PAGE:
Pat Stacey: Not the right time for bit of bling, Micheal
If the final televised clash of the three big leaders had been a college debating society rather than a battle for the hearts and minds of voters heading for the polling stations on Friday, in all probability Micheal Martin could have emerged the victor.
Few objective observers would deny he's a strong and energetic debater, and last night he seemed to have the better grip on detail -- even if the detail in question happens to be the one he finds so lacking in Fine Gael's five-point plan, which has been kicked around so much during the campaign that a few of the points must be blunt by now.
Still, often what you say on television matters less than how you say it and, perhaps even more importantly, how you look when you say it. Famously, those Americans who watched JFK v Nixon on television called it for Kennedy, while those who followed the debate on radio thought Tricky Dicky was the clear winner.
I don't know if the three men drew straws to determine who sat where, but having Martin placed at the end of the desk, leaning forward, his legs visible and illuminated by a fluorescent blue light, had the weird effect of making him look as if he was wearing jeans below that well-tailored jacket.
Aside from appearance, it's also about delivery and Enda Kenny's delivery, certainly in the opening statements, was impeccable.
What we might have called stiffness a few weeks ago has turned into a quality of stillness and something approaching a statesmanlike aura.
He appears to have been practising his fixed, sympathetic stare in the bathroom mirror and used it to maximum effect in the opening minutes when he looked down the camera and said: "I understand your frustration. I FEEL your anger."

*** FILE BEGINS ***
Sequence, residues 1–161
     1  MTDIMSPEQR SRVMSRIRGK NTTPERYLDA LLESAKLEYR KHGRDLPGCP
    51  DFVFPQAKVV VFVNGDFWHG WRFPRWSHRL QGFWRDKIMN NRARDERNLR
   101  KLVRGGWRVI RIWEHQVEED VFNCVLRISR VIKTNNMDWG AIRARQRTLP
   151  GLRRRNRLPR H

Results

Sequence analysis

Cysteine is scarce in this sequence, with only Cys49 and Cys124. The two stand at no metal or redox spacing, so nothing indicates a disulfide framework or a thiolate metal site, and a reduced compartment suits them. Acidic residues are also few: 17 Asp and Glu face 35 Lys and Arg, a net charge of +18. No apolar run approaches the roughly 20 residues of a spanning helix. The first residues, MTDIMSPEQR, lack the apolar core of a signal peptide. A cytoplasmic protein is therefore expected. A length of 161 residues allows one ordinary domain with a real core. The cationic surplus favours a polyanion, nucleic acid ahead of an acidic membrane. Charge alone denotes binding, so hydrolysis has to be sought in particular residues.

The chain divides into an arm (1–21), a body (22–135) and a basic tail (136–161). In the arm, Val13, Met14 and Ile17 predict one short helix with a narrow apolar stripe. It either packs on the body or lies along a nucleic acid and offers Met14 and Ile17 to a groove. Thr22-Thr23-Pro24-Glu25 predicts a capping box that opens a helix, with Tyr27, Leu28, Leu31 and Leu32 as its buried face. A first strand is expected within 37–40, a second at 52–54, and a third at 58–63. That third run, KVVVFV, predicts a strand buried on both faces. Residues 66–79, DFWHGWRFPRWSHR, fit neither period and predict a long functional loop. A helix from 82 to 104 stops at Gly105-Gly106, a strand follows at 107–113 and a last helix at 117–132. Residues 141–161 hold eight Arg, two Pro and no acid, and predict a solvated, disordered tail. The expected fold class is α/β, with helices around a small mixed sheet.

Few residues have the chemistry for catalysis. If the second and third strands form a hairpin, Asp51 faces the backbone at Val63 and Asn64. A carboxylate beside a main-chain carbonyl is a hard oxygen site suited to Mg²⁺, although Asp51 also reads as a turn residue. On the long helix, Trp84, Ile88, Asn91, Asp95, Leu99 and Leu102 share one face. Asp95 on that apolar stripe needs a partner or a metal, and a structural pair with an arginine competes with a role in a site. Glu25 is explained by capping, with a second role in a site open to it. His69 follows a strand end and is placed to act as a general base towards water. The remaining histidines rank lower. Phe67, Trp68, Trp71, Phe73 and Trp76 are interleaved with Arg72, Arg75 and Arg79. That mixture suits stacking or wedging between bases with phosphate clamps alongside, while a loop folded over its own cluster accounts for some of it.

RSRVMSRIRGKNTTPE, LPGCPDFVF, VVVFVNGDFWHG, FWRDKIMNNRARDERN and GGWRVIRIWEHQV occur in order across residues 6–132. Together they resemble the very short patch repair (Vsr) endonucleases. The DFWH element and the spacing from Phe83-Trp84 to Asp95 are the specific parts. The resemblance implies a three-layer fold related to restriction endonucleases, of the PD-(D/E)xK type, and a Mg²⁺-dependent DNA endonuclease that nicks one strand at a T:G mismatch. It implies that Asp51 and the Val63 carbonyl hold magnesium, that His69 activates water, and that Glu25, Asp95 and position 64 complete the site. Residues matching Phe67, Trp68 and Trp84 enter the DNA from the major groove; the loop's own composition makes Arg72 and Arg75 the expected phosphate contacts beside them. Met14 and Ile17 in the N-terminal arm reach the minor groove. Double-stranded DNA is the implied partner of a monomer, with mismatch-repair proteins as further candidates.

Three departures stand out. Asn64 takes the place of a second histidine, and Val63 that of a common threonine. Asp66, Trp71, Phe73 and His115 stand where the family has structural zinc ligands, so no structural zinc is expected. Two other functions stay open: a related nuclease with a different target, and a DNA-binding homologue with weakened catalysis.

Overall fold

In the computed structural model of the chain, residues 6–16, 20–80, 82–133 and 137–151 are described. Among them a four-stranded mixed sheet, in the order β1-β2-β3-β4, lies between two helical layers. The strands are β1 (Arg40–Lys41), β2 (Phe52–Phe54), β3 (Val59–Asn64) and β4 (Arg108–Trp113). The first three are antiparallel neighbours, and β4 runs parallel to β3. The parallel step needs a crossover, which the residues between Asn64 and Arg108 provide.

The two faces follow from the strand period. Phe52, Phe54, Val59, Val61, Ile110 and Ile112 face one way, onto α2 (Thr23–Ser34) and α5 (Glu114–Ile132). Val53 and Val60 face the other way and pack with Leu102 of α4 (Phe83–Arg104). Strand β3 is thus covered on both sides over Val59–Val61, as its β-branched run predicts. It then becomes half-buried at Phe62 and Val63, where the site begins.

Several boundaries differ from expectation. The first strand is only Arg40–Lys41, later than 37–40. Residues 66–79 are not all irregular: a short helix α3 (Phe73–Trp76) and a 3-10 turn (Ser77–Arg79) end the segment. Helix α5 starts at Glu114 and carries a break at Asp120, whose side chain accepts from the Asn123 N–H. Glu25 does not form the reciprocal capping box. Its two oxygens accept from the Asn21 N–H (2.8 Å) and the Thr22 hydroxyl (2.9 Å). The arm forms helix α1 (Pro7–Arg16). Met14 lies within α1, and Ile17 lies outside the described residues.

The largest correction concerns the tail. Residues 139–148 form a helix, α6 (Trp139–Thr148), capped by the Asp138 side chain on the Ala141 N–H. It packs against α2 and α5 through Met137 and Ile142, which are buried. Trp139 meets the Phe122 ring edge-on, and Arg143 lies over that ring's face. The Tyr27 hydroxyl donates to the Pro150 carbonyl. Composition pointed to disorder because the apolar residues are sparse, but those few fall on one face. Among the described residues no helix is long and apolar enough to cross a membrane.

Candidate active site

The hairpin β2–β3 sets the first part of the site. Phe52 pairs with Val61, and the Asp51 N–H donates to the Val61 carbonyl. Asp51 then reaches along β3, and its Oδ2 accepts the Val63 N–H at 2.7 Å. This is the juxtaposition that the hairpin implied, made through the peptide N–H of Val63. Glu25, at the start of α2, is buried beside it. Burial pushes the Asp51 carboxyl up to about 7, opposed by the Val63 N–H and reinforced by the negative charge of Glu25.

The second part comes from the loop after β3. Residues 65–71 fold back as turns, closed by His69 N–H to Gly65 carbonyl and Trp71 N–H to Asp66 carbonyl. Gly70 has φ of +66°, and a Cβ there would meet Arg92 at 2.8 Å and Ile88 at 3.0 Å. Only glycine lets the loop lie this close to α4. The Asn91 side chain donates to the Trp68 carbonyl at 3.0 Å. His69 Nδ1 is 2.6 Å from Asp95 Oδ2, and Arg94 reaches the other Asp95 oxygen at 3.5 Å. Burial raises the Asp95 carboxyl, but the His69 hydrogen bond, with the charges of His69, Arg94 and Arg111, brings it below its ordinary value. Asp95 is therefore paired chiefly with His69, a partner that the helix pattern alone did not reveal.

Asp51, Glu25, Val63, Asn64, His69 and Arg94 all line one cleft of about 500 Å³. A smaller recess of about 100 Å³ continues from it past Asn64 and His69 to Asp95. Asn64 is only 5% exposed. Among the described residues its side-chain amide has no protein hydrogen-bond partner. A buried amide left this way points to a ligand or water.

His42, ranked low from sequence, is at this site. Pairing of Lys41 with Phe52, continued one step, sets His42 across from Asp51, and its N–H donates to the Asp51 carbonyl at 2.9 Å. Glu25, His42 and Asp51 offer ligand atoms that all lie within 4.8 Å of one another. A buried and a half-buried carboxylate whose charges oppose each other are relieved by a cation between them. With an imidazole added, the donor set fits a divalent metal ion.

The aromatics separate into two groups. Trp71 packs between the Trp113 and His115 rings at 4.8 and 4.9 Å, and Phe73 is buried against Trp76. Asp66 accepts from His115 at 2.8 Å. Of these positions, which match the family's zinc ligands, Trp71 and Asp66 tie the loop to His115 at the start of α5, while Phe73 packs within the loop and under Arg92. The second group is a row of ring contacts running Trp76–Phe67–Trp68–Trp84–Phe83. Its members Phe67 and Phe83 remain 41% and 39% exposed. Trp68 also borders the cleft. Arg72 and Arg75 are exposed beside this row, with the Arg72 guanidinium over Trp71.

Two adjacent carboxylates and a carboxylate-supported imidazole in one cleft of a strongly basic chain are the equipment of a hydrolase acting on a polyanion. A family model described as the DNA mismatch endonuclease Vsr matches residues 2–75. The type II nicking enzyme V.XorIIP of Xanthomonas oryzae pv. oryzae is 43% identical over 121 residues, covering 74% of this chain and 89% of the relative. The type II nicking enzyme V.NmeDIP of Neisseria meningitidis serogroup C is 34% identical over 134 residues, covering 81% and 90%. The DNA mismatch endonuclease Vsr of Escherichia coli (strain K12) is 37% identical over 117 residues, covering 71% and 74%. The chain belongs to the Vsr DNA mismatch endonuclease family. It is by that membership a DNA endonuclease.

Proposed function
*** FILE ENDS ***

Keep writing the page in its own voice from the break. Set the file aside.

Eamon Gilmore also had stillness to spare. In fact, he was so still in the opening minutes of the debate that he resembled an only slightly animated version of one of his election posters. As the evening wore on, though, and he got the chance to present his party's policies in a more sympathetic light than he's managed up to now, he loosened up considerably.
It's notable that neither Kenny nor Gilmore used their hands a lot in the beginning. Martin, on the other hand -- indeed on both hands -- was gesticulating like Magnus Pyke from the off, and especially during his spirited and effective attacks on Kenny's vague policy on taxation, which managed to land a few blows, though none of them likely to cause a seismic upset to Friday's vote.
At times this had the unfortunate effect, at least from Martin's point of view, of deflecting the viewer's attention away from what he was saying and towards the large, expensive-looking ring that decorated his right hand. Dazzling as this item of jewellery was, it probably wasn't the ideal time for the Fianna Fail leader to bring a bit of bling to the party.
Kenny stuck to the authoritative, faintly regal air he'd adopted at the outset, measuring his words carefully and often looking coolly detached from the squabbling of the men either side of him.
Martin frequently lost the rag and allowed his already fast speaking style to rise to a high-pitched babble. But no matter how much he tried to pick apart Kenny's allegedly woolly policies, he was always throwing his punches from a corner of quicksand.
Kenny might have been vague on details but whenever things threatened to get sticky, all he had to do was fall back on the fact that Martin's government had failed to tell the truth about the IMF coming to town -- and he did it frequently.
As the experts are fond of telling us, once the shouting has died down, live TV debates don't tend to have any significant effect on the election outcome.
Last night was a rare case of knowing the outcome before the shouting had even started.